Preheat the oven to 425 degrees and line a baking sheet with nonstick foil. Transfer the salmon fillets to the foil-lined baking sheet and paint the remaining glaze evenly over the top and sides of the fillets with a pastry brush.

Bake the salmon in the oven for 8 to 13 minutes, depending on the thickness of the fillets. Move the sheet pan to a rack a few inches under the broiler and broil for 2 to 3 minutes, or until the glaze bubbles and begins to caramelize around the edges.

Serve the salmon with the reserved sauce on the side, and sprinkle it with chopped scallions if desired.

Beef brisket is bold in flavor and the fattiness pairs beautifully with bourbon. (Photo via Pixabay)

Corned beef with bourbon-molasses glaze

(Recipe courtesy of Andrew Zimmern, via Food Network)


Corning The Brisket (optional)

1 whole beef brisket, 10?12 lbs. cold water

1/3 cup paprika

1/2 cup brown sugar 3 bay leaves

1 tablespoon ground allspice

2 tablespoons black peppercorns 2 tablespoons granulated garlic 1/4 cup pickling spice

2/3 cup Prague powder pink curing salt, available online

Corned Beef

8 cups beef stock, plus more as necessary, to fully cover beef

1 stick cinnamon

1 teaspoon mustard seed 8 black peppercorns

2 bay leaves

1 corned beef brisket, 4?5 lbs., from corned beef brisket recipe, or store-bought


1/4 cup molasses

1 teaspoon dry mustard 1/4 cup bourbon

1 cup brown sugar


4 tablespoons unsalted butter 8 Kaiser rolls

1/2 cup mayonnaise

2 tablespoons sweet pickle relish

3 tablespoons chili sauce, preferably Heinz brand kosher salt


Corning the beef (optional): Lay the brisket on a flat surface. Feel where the fat is thickest, and use a sharp knife to trim off about half of the fat. Discard the fat. Square the meat off by trimming the edges so it cures and cooks evenly. You should be left with a brisket that’s about 4–5 pounds. (Note: This recipe calls for half of a whole brisket. Save the trimmed meat for another recipe, such as Edward Lee’s Korean-Style Texas Chili.)

Place the trimmed brisket into a non-reactive container. Pour in enough cold water to cover by one inch. Add paprika, brown sugar, bay leaves, allspice, peppercorns, granulated garlic, pickling spice, and Prague powder. Use your hand to stir the ingredients into the water, and gently move the brisket around in the liquid to help dissolve the sugar. Let the meat rest fat side up in the curing mixture. Cover container with the lid and refrigerate, 7–8 days.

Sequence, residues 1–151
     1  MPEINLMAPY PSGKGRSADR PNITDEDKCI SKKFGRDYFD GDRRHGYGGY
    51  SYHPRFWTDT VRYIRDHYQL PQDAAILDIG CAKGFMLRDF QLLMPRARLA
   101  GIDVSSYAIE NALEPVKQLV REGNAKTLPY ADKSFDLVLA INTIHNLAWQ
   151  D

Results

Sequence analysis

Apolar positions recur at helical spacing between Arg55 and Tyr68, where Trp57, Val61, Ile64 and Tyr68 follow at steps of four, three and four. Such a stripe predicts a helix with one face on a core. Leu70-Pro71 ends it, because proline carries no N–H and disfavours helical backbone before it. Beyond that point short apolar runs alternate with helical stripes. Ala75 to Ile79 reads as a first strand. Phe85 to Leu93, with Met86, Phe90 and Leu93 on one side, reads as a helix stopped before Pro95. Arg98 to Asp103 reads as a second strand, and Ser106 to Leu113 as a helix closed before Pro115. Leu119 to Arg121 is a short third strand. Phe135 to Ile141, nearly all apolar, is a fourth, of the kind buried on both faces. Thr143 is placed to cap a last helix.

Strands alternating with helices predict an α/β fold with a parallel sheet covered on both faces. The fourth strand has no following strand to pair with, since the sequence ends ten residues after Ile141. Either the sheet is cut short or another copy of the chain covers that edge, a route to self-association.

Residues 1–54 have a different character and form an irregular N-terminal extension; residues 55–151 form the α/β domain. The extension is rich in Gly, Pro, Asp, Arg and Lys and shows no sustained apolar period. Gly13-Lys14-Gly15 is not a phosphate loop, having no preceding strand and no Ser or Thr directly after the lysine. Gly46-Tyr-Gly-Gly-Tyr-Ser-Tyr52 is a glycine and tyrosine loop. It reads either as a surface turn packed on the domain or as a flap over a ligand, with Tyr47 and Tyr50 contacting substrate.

Corned beef: Pour broth into a stockpot; add cinnamon, mustard seed, peppercorns and bay leaves. Pull the corned beef brisket out of the curing solution and rinse with cold water. (Note: Alternatively, start by rinsing pickling spices off a 4- to 5-pound store-bought corned beef.) Place the corned beef into the pot and bring to a boil over high heat. Cover, reduce to a simmer, and cook until spoon-tender, or to an internal temperature of 175 degrees, about 2–3 hours. (Alternatively, you can place the meat in a 275 degrees oven for the same length of time.)

Preheat broiler. Remove corned beef from cooking liquid, pat dry on a dish towel, and place on a rimmed baking sheet. If you’re cooking the nose portion of the brisket, trim off the top for even glazing. Combine molasses, mustard powder, bourbon and brown sugar in a bowl to make the glaze; stir until all of the ingredients are thoroughly combined. Pour ⅓ of the glaze on top of the corned beef, distributing evenly. Place the corned beef 6 inches under broiler for about 1 minute. Remove and pour on half the remaining glaze. Place under the broiler for 30-40 seconds. Remove and pour the rest of the glaze onto the corned beef and broil another 30-40 seconds.

Assembly: Remove corned beef from oven and let rest on a cutting board while preparing the buns, about 10 minutes (reserving the drippings in the pan). In a skillet, heat 1 tablespoon of butter over medium heat until it’s foaming. Add 1-2 buns, cut side down, and cook until light brown and toasted, 30 seconds. Continue with remaining butter and buns until all are toasted.

Meanwhile, make Thousand Island dressing: Combine mayonnaise, relish and chili sauce in a bowl; season to taste with salt and stir. Slice corned beef at an angle, against the grain. Place on a serving platter and drizzle with reserved drippings from the pan. To make a sandwich, layer corned beef on griddled buns and top with a dollop of dressing.